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 UCI codes explained

Joe Martin Stage Race - NE

Fayetteville, Arkansas, USA, May 8-11, 2008

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Stage 3 - May 10: Road Race, 92/69 miles

King catches sprinters off guard

By Kirsten Robbins in Fayetteville, Arkansas

Ted King (Bissell Pro Cycling) took a flyer in the final kilometer
Photo ©: Tom Ewart
(Click for larger image)

Edward King (Bissell) foiled the sprinting teams when he jumped away from the fast moving peloton with six hundred meters to go to take the stage victory from Sebastian Haedo (Colavita/Sutter Home) and Brad Huff (Jelly Belly) on the line.

"I think I beat them all to the punch today," King said of his surprise attack over a short highway overpass. "Coming into today I planned to have my 54x11 gearing put on my bike because I knew it would be a super fast down hill sprint so we had that in the cards all along."

Heavy cross winds allowed two riders to slip off the front in the first of three laps of the one hundred and forty five kilometre road race. Making up one half of the duo was Luis Amaran (Colavita/Sutter Home) who was also away for much of the stage yesterday. Today he was joined by Valarie Kobzarenko (Team Type 1).

Amaran attacked the field before the start of the first climb, seven kilometres into the stage and was later joined by Kobzarenko and for a short time his team-mate Jesse Anthony. "I felt strong yesterday and again today," he said of his consecutive one hundred kilometre effort. "We are protecting our GC rider Anthony Colby in second and I'm the kind of rider who has enough horsepower and can ride strong in a break.

"But with only two guys it was very complicated and it's too bad other teams didn't want to bridge across," he explained. The duo held a two and a half minute lead for much of the race, with HealthNet's seven riders controlling the rest of the peloton. "[It] was complicated because it was too hard for other guys to come across but not a big enough [gap] for us to hold it to the end."

Heath Net's overall leader Rory Sutherland put his boys to work for the second day. Rotating at just the right speed they kept the break-away hovering between two and three minutes, preparing for the right moment to pull the field back together on the last lap.

The men's podium
Photo ©: Kurt Jambretz
(Click for larger image)

"The riders started out rolling through for the first fifty kilometres because they knew the break was very early," said Colavita/Sutter Home's director sportif Sebastian Alexandre. "When they were on the last lap, both Amaran and Kobzarenko worked very hard to try to stay away until the end, which is the reason they probably stayed away for so long."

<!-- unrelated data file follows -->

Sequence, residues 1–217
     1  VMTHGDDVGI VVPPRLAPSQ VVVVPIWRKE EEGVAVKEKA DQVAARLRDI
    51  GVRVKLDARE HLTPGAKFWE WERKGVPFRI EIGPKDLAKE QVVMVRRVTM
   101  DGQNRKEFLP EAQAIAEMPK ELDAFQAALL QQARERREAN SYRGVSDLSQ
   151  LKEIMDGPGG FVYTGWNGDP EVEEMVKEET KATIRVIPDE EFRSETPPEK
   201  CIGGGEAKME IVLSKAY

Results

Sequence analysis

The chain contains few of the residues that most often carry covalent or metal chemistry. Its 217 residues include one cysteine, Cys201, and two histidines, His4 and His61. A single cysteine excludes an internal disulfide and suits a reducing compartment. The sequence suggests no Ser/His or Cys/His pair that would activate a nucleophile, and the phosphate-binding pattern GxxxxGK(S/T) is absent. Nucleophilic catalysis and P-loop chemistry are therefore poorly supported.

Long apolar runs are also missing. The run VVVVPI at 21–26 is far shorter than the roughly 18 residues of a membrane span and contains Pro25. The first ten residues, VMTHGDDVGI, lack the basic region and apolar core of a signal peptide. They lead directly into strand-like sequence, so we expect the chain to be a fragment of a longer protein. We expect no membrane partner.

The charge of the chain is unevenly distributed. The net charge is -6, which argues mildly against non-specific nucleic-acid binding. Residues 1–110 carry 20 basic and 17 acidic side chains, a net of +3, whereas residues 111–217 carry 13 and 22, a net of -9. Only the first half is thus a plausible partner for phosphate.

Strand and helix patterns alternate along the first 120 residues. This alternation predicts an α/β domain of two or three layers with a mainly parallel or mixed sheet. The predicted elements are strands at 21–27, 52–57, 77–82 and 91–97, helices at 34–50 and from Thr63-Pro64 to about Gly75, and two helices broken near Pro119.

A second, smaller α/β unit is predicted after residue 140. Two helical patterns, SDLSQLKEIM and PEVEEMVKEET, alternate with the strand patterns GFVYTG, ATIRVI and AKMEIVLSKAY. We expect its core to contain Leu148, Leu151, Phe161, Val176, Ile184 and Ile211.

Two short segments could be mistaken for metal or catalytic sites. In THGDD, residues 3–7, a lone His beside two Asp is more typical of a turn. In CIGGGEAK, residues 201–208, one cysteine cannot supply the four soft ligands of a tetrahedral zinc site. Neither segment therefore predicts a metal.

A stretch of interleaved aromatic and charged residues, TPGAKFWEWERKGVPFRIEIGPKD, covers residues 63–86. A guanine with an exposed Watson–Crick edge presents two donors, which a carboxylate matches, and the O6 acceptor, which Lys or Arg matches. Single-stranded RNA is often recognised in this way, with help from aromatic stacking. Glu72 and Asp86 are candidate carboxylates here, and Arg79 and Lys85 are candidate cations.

HealthNet finally reeled in the two riders with eight kilometres remaining on the straight, lengthy road toward the Fayetteville finish. While team's Colavita/Sutter Home, Team Type 1 and HealthNet organized their lead out trains beside one another; Ted King seized his opportunity to attack while the field bunched up over the small rise before the descent down to the line.

"I'm not a sprinter so I knew I would win it up by going straight through the field on down hill," said King who knew the finale all to well after being caught on the line in the previous year's event. "I knew that at three kilometres out everyone was fighting for position. I had a good position, about fifteenth wheel and I attacked over the highway pass. Everyone was moving real quickly, it mushroomed out and so I went far to the left in a bigger gear, my 54."

Farina grabs unexpected race lead

Robin Farina (Cheerwine)
Photo ©: Kurt Jambretz
(Click for larger image)

Robin Farina (Cheerwine) rolled through the Fayetteville finish line more than 10 minutes ahead of the peloton to take her first NRC victory and the overall race leader's jersey. Some time later, the field barreled down the straight in a sprint taken by Laura Van Gilder (Cheerwine) for second place with Mackenzie Woodring (Colavita/Sutter Home) rounding out third. Farina is currently leading the overall standings followed by her team-mate Catherine Cheatley and Mackenzie Woodring (Colavita/Sutter Home).

"I'm in a world a world of hurt right now," said Farina after her 100 kilometre break away. "No way did I ever think I would be in the leader's jersey after today, we wanted to keep Cheatley in it and defend it for the team. It was quite shocking."